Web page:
Ayutthaya’s historical sites have been heavily affected by recent flooding in Thailand. Thailand’s Ministry of Culture initially sought the budget of Bt1.4 billion baht (about US$46 million ) from the cabinet to restore Ayutthaya’s historical sites, damaged by months-long flooding, Culture Minister Sukumol Kunplome said on Tuesday.
The minister said that following a survey by specialists from the United Nations Educational, Scientific and Cultural Organisation (UNESCO) of historical sites in Ayutthaya, Thailand’s 600-year old former capital, the team found damage from flooding such as flaking, mildew stain and efflorescence on murals particularly at the Choeng Tha Temple where the damage is critical.
Structures of many historic buildings have also been affected such as at the Ayothaya Temple, which needs a revamp to rebuild its structure.
The ministry also has an initiative to revive the moat around the city as in the old days, to act as a flood prevention barrier for the city.
On Dec 18, Thai and Japanese experts will conduct another survey to assess the damage on historical sites following the flooding.
The ministry will also invite the private sector and other agencies to finance the restoration after the Finance Ministry announces tax incentives. (MCOT online news)
The Tourism Authority of Thailand (TAT) recently held the “Ayutthaya Cleaning Day” event as part of its “Beautiful Thailand” campaign to restore Thai tourism following the country’s recent flood. The event, which took place on 4 December 2011, also commemorated HM King Bhumibol Adulyadej’s 84th birthday.
Thousands of volunteers visited Ayutthaya to lend a hand in cleaning up and landscaping the city, with strong support from both the public and private sectors in the tourism industry. Ayutthaya, Thailand’s ancient capital, is known globally for its UNESCO World Heritage Site.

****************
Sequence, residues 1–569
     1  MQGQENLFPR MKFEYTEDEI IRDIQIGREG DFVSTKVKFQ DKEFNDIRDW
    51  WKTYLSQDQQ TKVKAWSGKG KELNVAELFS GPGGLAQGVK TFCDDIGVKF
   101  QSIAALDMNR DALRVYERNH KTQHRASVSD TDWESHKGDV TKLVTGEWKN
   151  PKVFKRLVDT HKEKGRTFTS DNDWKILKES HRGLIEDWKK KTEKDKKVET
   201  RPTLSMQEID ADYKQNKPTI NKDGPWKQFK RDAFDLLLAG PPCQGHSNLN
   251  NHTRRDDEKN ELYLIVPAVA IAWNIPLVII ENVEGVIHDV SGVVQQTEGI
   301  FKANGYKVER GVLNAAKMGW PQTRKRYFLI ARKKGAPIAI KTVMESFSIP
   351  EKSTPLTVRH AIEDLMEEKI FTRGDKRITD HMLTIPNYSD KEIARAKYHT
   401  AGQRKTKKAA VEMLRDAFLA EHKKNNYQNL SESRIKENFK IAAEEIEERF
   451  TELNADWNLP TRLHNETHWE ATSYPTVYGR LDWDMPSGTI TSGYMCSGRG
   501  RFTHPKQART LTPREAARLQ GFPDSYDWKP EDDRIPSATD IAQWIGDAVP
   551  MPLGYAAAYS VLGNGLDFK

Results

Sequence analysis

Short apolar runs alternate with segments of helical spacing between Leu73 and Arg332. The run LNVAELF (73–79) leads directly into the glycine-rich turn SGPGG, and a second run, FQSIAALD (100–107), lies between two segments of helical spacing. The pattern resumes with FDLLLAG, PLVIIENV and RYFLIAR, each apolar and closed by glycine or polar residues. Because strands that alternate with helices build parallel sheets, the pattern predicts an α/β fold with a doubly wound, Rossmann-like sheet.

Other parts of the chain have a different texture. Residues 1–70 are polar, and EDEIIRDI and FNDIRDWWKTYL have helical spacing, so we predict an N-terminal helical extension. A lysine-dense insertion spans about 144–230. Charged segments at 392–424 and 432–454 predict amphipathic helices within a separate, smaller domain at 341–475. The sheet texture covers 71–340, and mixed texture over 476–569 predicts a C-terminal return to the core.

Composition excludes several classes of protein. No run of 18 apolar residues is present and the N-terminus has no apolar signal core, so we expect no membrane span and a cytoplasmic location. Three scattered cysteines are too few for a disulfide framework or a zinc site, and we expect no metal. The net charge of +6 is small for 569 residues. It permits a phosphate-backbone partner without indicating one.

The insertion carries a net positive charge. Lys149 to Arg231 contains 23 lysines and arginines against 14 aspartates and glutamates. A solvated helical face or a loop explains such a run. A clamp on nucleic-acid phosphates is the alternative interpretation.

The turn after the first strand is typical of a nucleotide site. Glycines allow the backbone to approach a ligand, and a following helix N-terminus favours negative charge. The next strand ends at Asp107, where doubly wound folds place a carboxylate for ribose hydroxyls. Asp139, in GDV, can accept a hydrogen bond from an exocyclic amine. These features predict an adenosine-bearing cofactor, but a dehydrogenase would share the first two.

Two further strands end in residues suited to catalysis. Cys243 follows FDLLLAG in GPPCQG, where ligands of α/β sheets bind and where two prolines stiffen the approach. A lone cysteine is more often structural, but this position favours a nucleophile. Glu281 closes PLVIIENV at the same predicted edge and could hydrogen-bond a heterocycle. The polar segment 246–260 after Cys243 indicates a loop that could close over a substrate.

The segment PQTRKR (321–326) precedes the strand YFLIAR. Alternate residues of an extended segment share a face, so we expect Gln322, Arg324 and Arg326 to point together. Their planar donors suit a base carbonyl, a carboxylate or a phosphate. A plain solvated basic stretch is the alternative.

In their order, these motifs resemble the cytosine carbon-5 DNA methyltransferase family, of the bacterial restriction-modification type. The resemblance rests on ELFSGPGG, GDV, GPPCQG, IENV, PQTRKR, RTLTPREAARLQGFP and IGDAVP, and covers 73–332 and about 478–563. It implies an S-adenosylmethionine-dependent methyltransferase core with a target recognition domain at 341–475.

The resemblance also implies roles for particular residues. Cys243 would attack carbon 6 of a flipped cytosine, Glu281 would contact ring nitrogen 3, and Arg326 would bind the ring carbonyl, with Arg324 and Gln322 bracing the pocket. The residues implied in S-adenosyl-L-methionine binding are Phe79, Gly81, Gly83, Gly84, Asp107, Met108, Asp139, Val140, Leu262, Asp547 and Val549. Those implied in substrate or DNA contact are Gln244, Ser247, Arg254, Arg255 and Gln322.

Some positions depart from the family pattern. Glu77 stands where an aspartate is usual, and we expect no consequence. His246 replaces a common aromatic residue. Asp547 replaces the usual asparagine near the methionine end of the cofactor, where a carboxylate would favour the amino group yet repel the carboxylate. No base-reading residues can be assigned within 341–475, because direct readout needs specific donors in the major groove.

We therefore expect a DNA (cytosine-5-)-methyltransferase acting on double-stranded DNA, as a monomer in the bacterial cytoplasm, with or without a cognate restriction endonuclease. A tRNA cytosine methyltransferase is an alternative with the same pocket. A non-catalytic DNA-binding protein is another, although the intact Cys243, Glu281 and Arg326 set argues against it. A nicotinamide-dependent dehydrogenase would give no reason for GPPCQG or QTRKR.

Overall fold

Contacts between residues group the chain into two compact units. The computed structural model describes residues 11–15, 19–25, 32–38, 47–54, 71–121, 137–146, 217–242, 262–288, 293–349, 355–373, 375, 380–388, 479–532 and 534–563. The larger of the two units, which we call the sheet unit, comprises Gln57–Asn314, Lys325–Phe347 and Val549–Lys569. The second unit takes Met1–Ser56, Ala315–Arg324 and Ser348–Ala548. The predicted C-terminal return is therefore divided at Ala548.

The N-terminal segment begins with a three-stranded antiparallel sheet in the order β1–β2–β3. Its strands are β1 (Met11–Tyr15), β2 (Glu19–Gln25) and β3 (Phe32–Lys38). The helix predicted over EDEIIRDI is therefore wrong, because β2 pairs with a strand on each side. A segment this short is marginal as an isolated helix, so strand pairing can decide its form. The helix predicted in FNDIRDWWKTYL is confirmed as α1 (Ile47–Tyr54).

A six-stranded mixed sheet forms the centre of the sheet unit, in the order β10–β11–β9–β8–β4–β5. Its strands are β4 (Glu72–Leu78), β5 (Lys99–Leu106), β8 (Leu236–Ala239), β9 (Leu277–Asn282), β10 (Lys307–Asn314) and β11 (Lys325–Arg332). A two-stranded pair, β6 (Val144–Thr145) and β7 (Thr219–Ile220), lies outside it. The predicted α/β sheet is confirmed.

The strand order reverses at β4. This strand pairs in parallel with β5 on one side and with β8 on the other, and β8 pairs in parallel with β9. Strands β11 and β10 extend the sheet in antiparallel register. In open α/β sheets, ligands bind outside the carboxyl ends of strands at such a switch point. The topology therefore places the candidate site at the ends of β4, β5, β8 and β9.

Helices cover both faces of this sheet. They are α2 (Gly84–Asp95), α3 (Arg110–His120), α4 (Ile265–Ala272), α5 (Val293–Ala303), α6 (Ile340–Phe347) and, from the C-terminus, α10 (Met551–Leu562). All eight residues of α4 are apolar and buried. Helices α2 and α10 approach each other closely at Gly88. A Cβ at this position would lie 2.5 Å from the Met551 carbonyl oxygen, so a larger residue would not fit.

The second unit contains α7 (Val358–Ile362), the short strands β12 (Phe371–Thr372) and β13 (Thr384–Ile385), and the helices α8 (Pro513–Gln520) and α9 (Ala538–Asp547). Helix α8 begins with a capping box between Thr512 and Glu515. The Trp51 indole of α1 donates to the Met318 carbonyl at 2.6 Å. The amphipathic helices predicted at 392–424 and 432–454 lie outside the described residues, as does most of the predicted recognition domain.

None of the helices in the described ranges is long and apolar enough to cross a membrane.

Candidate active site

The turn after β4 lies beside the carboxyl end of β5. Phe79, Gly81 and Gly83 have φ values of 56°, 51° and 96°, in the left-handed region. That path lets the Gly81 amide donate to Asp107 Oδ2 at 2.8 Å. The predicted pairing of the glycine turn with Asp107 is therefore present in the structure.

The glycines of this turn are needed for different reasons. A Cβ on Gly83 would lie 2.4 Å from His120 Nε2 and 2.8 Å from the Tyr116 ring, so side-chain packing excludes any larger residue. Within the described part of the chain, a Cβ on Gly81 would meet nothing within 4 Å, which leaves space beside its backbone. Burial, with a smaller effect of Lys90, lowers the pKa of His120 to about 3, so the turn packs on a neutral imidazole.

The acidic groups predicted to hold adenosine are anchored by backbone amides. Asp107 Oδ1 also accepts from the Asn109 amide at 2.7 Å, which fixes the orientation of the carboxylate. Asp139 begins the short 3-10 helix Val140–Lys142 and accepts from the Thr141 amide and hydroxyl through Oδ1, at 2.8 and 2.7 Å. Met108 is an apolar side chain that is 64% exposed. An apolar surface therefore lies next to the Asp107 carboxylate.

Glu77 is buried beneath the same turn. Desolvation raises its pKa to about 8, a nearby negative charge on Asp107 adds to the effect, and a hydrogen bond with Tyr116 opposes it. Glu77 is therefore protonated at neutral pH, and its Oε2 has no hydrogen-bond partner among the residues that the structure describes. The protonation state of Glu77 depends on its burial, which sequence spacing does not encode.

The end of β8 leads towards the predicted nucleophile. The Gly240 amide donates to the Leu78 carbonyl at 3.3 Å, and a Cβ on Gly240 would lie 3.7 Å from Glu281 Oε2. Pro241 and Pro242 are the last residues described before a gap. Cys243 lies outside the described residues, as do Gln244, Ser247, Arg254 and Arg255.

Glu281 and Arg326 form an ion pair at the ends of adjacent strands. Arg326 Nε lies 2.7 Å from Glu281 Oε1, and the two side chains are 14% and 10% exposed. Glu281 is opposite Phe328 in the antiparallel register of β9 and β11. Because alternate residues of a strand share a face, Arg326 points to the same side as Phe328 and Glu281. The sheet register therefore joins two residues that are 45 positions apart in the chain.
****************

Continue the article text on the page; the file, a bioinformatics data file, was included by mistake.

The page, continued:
The “Ayutthaya Cleaning Day” was one of many initiatives to ensure the city is ready to welcome back visitors with a warm heart. Visitors can explore almost all of the World Heritage Site and the other ancient ruins spread throughout the city. All transportation is operating as per normal and most services and activities for tourists are available as per usual; such as bicycling, elephant rides, guided tours, restaurants, and accommodation. Tourists from all over the world are now coming to the city to enjoy immersing themselves in Thailand’s past.
“Tourism plays an important role in the livelihood of Ayutthaya. Other than Wat Chai Wattanaram, which is still being carefully drained, all tourist attractions in Ayutthaya are open to visitors. We are confident that tourists who travel to Ayutthaya, about an hour’s drive from Bangkok, will find it as charming and authentic as ever,”
said TAT Governor Suraphon Svetasreni.
According to the Ministry of Culture’s Fine Arts Department, most of Ayutthaya’s ancient ruins remain strong and intact. The restoration of historical sites affected by the flood is underway under the guidance of UNESCO, which recommended slowly pumping water out of some of the ruins; such as, Wat Chai Wattanaram to preserve their structural integrity.
In 2010, Ayutthaya welcomed 2.3 million visitors comprising 2.1 million one-day trippers and 200,000 who stayed overnight. These mainly came from Japan, China, and European countries.